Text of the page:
Firstly, all the servers in the 56 offices were consolidated into two data centers — one in Kowloon Bay and the other in Tsuen Wan — for redundancy and recovery purposes. Users were allocated to either data center in a pattern that ensures maximum uptime in the event of an outage.
The data center compute-power presents as a single virtualized server environment — applications and storage are virtualized and integrated into this dynamic environment, which users access via a VDI (virtualized desktop interface).
The MTR also allows access via mobile devices, a development made possible by the security measures that the data center setup now affords them. A unified communications platform was rolled out at the same time to boost the productivity benefits of the project.
The first issue brought up at the roundtable was application management. Gerrit Bahlman, director of IT at Hong Kong Polytechnic University, asked how MTR dealt with the number of separate pieces of software used across the 56 offices.
Hung acknowledged that this was an issue, but careful consideration was taken to consolidate the number of applications to avoid additional support costs. As MTR's property management division primarily operated from a core software system, this helped the virtualization process.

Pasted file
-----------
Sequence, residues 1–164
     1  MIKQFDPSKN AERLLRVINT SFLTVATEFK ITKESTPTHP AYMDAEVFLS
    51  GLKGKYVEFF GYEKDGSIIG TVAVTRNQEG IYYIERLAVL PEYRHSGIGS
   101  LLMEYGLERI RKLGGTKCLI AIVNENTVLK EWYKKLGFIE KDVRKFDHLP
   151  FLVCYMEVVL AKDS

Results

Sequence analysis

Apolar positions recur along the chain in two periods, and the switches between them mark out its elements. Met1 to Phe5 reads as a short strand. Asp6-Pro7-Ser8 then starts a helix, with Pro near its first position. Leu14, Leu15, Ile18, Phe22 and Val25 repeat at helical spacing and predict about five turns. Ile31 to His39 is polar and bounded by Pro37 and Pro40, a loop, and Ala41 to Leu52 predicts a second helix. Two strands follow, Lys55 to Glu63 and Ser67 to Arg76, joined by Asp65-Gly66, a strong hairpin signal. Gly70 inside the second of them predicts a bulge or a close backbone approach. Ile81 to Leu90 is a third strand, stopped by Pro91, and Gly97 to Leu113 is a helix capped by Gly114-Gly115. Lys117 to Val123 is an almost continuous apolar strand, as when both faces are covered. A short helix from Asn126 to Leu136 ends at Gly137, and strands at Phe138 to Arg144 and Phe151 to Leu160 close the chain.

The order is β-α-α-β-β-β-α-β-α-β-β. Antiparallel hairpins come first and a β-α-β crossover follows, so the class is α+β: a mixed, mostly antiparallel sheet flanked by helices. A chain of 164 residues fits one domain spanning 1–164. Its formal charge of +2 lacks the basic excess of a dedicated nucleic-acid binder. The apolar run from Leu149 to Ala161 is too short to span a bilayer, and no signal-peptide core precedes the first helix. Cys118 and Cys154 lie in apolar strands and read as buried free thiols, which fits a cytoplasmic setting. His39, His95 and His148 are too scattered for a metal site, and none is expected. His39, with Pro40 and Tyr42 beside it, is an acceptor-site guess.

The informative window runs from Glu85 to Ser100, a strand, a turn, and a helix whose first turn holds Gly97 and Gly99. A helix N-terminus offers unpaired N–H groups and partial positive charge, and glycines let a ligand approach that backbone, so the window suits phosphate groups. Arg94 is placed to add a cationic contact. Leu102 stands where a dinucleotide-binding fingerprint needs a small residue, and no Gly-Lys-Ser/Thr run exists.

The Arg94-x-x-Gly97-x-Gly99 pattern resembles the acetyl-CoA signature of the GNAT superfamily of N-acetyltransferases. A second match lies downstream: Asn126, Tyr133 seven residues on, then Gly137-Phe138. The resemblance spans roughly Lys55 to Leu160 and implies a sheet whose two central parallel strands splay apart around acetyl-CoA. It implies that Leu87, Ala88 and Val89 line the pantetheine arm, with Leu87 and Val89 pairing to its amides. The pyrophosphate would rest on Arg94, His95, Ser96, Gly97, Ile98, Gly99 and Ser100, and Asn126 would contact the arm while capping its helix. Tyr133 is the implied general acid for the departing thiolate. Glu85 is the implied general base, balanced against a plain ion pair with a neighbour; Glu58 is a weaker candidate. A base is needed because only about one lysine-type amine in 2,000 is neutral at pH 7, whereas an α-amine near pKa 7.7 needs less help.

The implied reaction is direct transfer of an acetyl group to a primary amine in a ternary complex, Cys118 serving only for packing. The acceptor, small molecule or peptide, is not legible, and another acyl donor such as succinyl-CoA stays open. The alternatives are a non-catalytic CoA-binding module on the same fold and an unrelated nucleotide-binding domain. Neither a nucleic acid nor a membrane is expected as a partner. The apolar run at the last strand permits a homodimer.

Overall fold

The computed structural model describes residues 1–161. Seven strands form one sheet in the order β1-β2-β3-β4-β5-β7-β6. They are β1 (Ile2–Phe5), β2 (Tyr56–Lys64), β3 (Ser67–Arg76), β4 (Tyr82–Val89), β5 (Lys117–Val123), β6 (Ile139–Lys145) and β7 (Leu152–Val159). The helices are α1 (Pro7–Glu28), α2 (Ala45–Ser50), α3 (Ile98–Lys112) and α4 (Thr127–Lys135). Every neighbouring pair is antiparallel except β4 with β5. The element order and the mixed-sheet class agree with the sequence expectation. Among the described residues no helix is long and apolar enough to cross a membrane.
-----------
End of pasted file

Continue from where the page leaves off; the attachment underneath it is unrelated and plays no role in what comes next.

A more challenging matter was dealing with applications which required high levels of compute-power to operate. "The difficulty on this project was the scale of the VDI implementation, with so many users and offices," said Hung. "We also had to virtualize so many non-typical applications, like AutoCAD and Photoshop, which needed a lot of bandwidth capacity and high-resolution screens. When we started on this project, we encountered some technical issues because we didn't anticipate the amount of bandwidth these applications would consume."
HP's proposed solution to this problem was to deploy a proprietary piece of software which analyzed the working environment, establishing patterns of use and peak requirements. This then allowed MTR to segregate their users into two types based on usage, then allocate bandwidth and compute resources accordingly.
However, Cally Chan, managing director, HP Hong Kong, cautioned that the process is a delicate one, and under-provisioning of bandwidth and computing resources for power users could have a negative impact on the wider organization.
"If you just leverage the standard backend server you have two problems," she said. "The first is that it's not powerful enough to cater for the intensive demand of an AutoCAD user. The second is that you affect the performance of other users." Chan said one way to do this was to leave power users on high-spec PC workstations, while thin clients are rolled out to normal users.
Banks are one group of companies that have actively deployed VDI as they seek better management of the user environment, improved security and also with many banking operations, thin clients have proved popular staff often use multiple screens in their workspace.
Sign up for CIO Asia eNewsletters.